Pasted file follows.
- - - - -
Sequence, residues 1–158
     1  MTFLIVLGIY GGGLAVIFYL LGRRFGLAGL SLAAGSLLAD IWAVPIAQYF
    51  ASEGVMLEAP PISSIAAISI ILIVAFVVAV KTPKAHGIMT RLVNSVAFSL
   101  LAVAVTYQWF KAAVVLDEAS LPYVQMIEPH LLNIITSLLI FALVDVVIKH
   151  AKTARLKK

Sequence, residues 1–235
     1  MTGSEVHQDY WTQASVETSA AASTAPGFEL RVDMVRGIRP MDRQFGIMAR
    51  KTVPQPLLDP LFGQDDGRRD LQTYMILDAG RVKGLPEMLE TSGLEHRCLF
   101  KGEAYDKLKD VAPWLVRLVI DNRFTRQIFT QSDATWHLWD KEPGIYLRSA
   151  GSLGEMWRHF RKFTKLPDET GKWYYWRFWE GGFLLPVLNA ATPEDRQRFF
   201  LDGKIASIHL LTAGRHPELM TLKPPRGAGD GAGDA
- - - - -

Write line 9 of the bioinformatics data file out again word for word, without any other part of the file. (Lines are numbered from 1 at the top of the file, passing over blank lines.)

   101  KGEAYDKLKD VAPWLVRLVI DNRFTRQIFT QSDATWHLWD KEPGIYLRSA